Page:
• 2/3 Pot = 40% Breakeven

Know these percentages like the back of your hand because these are roughly the bet sizes we use when bluffing. If you decide to use a less standard size when bluffing, like 1/4th pot or an overbet, just pull out the formula and do a quick calculation. It should also be noted that your own equity will influence things. If you have a big draw you don’t require as many folds as a pure bluff since you can improve and win sometimes. But this hand has very few outs and thus we’ll treat it closer to pure bluff to simplify things.

In this exact spot villain calls our cbet. The turn is a 4♥ and he bets into us for $12. For giggles, let’s say we are considering a bluff raise up to $32. We can still use the same breakeven % to figure out how often we need villain to fold in order for this bluff raise to be profitable.

easy math

By raising to $32 our risk is $32, and the reward is the pot size before we make our raise…or $26.5. So $32/($32+$26.5) = 55%. Again, if we can expect him to fold more than 55% of the time we should bluff…if not…we should likely fold unless we really think our measly pair of sixes are ahead enough of the time.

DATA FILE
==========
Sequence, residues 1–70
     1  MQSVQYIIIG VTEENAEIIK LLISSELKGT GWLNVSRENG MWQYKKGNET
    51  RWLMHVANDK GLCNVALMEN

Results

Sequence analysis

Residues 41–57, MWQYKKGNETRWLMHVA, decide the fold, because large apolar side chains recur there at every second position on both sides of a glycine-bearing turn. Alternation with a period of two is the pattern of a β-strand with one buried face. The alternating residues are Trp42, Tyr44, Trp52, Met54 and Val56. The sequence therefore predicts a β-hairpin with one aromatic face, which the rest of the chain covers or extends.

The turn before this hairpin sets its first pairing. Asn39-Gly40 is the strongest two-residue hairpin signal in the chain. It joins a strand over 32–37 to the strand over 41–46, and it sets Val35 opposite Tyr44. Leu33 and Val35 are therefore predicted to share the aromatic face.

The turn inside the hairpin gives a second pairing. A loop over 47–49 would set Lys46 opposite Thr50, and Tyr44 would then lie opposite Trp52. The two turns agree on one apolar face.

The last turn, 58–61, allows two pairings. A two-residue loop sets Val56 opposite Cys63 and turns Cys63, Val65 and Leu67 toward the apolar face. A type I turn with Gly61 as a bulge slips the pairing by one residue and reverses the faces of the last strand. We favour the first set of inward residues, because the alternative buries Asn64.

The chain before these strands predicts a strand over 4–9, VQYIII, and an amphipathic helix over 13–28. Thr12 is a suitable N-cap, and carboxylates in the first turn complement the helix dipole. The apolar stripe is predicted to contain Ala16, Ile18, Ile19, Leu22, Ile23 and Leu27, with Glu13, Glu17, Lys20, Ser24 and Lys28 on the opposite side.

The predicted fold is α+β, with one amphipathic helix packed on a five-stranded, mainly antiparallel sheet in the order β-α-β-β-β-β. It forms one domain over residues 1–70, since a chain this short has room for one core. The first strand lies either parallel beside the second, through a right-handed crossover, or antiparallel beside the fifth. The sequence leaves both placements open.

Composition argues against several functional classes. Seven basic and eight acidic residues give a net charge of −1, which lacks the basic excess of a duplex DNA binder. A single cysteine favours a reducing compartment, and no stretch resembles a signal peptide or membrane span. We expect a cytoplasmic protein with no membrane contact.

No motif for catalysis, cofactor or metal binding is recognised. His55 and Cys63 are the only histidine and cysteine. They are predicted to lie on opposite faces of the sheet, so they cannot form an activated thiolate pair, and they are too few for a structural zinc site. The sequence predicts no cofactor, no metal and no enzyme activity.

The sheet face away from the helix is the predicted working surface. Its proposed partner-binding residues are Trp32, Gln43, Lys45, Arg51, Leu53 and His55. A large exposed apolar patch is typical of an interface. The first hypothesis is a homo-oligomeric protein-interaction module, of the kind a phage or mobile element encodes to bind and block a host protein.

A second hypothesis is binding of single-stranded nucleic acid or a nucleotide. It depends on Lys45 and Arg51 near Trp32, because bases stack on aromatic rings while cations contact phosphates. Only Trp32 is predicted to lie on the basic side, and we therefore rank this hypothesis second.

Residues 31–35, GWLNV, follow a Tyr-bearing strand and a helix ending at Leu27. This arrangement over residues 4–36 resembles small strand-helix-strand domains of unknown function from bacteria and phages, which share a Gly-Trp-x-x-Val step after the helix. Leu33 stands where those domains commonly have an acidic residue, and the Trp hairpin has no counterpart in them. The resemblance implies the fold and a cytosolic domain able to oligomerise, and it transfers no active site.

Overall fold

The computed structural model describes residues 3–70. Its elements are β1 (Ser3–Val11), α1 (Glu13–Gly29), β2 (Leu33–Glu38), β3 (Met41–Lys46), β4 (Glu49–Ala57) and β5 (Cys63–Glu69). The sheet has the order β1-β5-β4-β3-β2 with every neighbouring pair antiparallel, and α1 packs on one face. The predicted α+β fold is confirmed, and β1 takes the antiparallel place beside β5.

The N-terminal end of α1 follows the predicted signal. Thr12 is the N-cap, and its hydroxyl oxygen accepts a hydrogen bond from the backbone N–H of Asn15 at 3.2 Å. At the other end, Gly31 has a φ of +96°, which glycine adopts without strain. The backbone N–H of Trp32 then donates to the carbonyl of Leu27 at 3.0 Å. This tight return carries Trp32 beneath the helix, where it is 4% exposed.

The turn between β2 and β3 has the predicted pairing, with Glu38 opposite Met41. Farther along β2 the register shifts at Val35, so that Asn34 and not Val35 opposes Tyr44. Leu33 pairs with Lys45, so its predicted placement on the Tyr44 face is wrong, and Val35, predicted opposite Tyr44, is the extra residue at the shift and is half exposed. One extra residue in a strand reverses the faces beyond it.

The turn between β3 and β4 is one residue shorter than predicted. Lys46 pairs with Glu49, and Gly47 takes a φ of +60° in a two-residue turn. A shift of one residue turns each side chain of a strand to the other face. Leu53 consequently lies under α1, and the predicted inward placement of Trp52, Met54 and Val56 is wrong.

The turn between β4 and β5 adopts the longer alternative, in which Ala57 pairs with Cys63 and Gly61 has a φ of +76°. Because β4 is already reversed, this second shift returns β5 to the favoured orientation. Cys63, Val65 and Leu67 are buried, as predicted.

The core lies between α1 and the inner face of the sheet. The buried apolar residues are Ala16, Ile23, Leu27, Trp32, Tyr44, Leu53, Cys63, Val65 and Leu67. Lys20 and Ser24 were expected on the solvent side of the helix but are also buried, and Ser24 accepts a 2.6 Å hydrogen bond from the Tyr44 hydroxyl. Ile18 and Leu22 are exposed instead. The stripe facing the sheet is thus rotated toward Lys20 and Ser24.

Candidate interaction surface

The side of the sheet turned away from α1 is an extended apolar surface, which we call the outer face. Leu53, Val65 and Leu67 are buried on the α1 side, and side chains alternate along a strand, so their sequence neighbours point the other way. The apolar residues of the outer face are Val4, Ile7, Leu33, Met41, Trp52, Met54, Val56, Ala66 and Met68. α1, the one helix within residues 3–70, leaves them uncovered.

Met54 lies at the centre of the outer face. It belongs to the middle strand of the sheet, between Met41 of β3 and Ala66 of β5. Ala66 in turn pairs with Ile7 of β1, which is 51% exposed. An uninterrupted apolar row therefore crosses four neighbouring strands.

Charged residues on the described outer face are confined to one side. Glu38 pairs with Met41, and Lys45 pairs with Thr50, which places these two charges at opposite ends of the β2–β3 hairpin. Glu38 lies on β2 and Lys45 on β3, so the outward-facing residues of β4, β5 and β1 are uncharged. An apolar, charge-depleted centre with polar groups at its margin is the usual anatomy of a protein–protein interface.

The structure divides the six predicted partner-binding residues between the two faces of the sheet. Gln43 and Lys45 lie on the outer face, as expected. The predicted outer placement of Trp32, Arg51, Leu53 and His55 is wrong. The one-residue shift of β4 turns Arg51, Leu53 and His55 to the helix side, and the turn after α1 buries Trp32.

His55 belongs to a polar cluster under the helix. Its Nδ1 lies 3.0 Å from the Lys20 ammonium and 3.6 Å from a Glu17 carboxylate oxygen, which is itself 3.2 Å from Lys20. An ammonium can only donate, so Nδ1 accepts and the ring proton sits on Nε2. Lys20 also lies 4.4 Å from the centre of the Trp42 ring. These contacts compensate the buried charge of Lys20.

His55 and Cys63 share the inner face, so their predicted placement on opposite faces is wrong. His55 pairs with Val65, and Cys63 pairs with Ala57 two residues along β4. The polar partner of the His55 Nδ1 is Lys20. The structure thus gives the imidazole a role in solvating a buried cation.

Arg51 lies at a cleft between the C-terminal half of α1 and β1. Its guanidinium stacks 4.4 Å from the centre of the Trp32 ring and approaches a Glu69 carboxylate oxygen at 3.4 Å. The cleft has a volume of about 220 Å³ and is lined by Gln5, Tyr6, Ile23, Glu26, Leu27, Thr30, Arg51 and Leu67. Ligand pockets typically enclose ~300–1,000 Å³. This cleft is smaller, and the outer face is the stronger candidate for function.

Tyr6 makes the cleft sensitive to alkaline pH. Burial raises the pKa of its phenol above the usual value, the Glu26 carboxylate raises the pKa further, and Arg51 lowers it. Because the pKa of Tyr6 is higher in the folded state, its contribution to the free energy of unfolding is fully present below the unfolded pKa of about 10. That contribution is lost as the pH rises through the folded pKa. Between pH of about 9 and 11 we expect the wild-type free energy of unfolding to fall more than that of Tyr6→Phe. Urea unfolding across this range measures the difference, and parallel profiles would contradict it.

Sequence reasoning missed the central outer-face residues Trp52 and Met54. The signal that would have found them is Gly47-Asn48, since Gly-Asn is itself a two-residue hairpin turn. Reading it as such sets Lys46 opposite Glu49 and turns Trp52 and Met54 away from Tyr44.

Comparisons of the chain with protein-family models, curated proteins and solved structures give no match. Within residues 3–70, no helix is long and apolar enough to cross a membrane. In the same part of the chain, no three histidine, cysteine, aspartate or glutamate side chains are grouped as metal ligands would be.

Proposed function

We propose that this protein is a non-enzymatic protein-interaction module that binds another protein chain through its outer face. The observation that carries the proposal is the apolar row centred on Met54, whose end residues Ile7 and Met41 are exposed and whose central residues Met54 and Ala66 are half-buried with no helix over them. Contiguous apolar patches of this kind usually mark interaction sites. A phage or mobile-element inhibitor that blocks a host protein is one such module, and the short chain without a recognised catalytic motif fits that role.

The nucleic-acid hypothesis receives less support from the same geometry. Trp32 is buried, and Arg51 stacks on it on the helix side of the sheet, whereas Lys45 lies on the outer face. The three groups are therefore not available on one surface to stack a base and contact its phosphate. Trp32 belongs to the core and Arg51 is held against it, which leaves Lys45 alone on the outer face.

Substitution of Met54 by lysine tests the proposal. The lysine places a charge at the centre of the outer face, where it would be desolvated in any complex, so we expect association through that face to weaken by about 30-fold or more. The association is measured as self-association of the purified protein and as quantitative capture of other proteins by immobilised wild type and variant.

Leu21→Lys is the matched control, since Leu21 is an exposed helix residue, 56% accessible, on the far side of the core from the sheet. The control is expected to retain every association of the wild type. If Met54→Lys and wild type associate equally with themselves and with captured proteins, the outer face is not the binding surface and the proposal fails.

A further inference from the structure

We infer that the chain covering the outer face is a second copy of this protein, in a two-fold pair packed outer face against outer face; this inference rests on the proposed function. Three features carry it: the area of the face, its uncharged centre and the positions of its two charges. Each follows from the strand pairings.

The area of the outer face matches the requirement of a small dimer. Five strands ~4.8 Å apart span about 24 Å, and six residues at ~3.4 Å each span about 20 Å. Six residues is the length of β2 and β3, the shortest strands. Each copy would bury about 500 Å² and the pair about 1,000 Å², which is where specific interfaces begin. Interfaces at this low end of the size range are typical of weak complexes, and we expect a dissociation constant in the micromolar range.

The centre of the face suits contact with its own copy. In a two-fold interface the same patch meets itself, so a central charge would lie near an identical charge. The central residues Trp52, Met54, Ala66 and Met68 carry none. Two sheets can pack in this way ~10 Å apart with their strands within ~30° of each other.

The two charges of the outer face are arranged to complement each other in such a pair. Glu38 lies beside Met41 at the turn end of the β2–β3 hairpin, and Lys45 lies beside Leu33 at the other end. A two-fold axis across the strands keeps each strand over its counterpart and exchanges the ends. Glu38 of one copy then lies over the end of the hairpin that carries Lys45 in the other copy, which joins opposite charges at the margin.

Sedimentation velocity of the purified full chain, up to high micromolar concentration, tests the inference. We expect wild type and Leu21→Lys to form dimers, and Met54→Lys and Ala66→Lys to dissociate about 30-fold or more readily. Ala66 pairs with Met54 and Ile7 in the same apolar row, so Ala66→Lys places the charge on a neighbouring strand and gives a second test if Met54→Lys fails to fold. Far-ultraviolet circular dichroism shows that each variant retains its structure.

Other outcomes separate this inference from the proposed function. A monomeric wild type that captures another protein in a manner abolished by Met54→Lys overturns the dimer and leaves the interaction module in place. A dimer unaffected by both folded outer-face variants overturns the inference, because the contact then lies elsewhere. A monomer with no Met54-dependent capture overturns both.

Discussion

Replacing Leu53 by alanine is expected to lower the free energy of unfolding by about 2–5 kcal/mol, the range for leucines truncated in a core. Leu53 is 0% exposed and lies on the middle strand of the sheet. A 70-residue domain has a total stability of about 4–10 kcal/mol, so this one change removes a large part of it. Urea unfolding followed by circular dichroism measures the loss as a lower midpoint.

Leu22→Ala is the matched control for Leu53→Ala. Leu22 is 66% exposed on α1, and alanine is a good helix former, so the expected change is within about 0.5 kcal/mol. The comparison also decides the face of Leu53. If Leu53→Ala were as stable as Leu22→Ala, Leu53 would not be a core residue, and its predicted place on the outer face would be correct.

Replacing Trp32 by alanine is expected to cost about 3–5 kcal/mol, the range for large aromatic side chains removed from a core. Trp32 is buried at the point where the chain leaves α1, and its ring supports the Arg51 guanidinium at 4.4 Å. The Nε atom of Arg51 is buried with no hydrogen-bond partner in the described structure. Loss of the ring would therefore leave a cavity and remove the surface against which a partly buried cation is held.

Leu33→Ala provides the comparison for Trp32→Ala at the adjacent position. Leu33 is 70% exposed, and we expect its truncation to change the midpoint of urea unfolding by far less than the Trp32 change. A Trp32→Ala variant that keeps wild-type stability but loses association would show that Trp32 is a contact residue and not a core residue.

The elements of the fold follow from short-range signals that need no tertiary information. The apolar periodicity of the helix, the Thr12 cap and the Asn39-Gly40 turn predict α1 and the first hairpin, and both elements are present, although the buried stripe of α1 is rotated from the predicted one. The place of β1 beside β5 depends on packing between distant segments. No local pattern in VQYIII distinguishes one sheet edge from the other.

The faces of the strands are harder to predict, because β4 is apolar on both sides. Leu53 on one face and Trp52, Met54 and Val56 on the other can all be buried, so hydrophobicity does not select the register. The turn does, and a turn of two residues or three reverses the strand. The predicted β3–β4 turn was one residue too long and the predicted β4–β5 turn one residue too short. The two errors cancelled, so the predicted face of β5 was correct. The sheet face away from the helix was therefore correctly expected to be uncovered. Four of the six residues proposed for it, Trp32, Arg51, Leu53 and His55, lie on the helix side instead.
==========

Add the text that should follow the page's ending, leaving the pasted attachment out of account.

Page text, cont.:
If the only thing you take from this video is the breakeven % formula, you’ve won. If you also take the breakeven %s to memorize, then you’ve crushed. Understanding the breakeven % will help you put mathematical backing to all of your bluffs. Of course, figuring out if villain will actually fold enough is another skill set all together…but strengthening the math part of your game is never a bad thing!

Same as always, if you have any questions please don’t hesitate to let me know…otherwise good luck and happy grinding!

SplitSuit

My name is James "SplitSuit" Sweeney and I'm a poker player, coach, and author. I've released 300+ videos, coached 500+ players, and co-founded the training site Red Chip Poker. Contact me if you need any help improving your poker game!